2.2. Analytical model for estimating the amount of heat generated during FSW
Heat generation is an unavoidable process following the friction stir weld-creation process. Since FSW is a welding procedure that uses a welding tool as an initiator of the joining process of workpieces, the welding tool delivers activation energy [38, 39] to workpieces and the joining of the workpieces is achieved while heat generates.
This study presents an analytical model for estimating the amount of heat generated during FSW . The model recognizes geometrical, kinematic, physical and energetic possibilities of heat generation during FSW, recognizes dominant parameters affecting the heat generation process and uses them to estimate how much mechanical power is transformed into heat. Existing models for estimating the amount of heat generated during FSW [12, 15, 17, 20, 22, 23, 25, 26] recognize many parameters affecting the heat generation process. Some of them are topology and geometry of the welding tool, technological parameters (tool rotation speed
The model presented here considers many of the previously analyzed parameters. Special care in the model is given, beside estimating values of parameters, to the mutual dependences between parameters and their influence on the heat generation process. Such dependences are numerous and it is not possible to recognize all of them. Furthermore, many of them are too difficult to be explained analytically and require the numeric calculations and the experimental estimation/validation. These are the reasons why analytical model considers only the most important dependences (Fig. 2, a).
Because of the nature of this approach, the proposed analytical model relies on three major elements: analytic algebra, numerical calculations and experimental data . The analytic algebra is based on existing research and results but includes some improvements. The algebra is developed for a complete welding tool, involves more dominant parameters in the calculations than in previous models, recognizes more dependencies between parameters, neglects fewer parameters and has a shorter calculation time. One of the improvements of the algebra is the implementation of a numerical material flow model with respect to energy balance in workpieces. The numerical calculations use adequate numerical procedures to give good precision and convergence during a short-computing time.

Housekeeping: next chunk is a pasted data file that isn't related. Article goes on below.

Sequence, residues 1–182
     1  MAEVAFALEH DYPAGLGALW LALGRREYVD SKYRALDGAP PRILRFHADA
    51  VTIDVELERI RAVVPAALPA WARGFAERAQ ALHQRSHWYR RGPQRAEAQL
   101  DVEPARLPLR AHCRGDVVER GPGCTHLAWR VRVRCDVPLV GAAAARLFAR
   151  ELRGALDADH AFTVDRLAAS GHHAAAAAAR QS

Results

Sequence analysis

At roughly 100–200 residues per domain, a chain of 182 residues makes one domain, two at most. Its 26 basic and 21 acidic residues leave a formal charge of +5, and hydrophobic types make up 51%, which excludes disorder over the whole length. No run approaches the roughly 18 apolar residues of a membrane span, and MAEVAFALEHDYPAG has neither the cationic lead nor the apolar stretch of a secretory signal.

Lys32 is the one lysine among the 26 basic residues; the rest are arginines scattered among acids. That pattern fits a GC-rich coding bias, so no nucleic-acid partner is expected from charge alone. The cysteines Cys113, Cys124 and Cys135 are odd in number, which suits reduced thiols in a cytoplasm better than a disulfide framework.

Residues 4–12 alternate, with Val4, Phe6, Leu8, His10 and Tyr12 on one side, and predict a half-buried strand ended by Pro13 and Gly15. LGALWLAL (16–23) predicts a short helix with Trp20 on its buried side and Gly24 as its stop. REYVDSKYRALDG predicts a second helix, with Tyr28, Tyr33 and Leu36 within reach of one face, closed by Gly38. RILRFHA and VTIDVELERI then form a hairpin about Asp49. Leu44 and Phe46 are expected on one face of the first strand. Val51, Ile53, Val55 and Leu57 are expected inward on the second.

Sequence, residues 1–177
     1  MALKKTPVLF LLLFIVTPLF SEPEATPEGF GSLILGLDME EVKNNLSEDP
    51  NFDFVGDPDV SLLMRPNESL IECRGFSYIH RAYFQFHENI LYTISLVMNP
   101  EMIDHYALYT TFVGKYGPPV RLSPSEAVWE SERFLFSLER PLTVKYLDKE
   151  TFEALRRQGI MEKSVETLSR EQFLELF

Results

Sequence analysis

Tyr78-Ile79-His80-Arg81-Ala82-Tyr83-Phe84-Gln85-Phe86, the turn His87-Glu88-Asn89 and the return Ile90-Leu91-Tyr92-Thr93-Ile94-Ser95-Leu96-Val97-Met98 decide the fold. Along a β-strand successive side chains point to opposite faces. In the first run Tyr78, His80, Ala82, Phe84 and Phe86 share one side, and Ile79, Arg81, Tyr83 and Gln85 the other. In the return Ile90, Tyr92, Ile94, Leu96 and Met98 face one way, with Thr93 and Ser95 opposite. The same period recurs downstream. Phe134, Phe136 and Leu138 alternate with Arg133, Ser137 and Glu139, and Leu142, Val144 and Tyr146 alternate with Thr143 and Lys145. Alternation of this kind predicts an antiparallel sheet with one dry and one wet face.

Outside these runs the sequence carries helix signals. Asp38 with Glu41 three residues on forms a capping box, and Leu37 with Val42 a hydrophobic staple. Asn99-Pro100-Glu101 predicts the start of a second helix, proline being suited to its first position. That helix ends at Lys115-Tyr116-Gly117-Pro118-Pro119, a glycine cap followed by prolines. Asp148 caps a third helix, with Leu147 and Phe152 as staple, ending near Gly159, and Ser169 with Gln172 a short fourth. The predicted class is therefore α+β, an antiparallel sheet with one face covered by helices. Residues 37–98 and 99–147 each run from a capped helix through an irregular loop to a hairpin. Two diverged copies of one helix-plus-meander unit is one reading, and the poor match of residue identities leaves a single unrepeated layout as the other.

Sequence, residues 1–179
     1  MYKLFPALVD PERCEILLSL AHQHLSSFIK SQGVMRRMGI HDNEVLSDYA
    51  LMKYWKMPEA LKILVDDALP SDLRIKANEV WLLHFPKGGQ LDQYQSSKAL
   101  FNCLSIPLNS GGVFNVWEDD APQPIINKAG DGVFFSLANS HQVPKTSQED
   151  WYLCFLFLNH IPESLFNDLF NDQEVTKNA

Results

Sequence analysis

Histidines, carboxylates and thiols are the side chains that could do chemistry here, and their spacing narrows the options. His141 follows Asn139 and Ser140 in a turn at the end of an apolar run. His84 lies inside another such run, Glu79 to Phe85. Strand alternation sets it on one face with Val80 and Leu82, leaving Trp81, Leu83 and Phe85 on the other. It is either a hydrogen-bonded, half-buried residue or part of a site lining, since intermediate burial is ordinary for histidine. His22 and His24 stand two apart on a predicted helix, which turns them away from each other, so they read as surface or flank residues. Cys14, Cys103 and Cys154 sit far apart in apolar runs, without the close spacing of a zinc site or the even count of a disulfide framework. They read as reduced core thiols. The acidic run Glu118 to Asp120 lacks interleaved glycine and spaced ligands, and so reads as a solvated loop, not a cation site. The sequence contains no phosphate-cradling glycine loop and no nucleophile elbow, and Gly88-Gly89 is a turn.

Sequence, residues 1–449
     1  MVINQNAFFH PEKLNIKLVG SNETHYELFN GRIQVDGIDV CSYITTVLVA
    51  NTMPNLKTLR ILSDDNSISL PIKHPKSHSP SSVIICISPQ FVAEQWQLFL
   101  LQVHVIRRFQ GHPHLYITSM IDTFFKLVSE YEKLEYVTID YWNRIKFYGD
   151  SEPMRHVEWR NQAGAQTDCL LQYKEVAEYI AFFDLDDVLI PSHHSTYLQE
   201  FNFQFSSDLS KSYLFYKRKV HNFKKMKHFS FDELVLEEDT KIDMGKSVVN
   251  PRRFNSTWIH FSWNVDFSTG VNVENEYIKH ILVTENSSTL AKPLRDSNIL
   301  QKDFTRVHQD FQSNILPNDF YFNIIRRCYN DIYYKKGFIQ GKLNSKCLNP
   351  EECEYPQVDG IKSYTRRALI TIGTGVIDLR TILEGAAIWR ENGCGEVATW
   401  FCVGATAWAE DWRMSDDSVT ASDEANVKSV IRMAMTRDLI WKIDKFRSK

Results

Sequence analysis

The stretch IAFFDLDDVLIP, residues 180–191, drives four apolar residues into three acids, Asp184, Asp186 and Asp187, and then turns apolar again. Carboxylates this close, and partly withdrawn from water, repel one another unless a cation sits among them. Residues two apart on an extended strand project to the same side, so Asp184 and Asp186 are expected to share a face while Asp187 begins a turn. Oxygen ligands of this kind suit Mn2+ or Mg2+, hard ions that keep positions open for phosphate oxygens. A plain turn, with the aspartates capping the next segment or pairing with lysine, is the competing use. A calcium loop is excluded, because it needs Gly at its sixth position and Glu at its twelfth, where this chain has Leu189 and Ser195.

The analytical model gives precise results only if experimentally estimated parameters are involved in the model. Furthermore, verification of the analytical model can be done by comparing the results from analytical model with experimentally estimated results. Experimental data is obtained during the welding of the workpieces made of Al alloy 2024 T351 and is used as input and for verification of the analytical model. Mutual dependences of the parameters affecting the heat generation are derived in iterative work regime of the analytical model: time and space are discretized and conditions numerically estimated for the present discretized moment of time are the input for the future discretized moment of time (Fig. 2, b).
Since welding tool is the main initiator of the welding and the heat generation process, it s important to analyze the welding tool and its influence on workpieces as well as the physical engagement of the welding tool while welding.
2.2.1. Active surfaces, active surfaces engagement and physical phases of the FSW process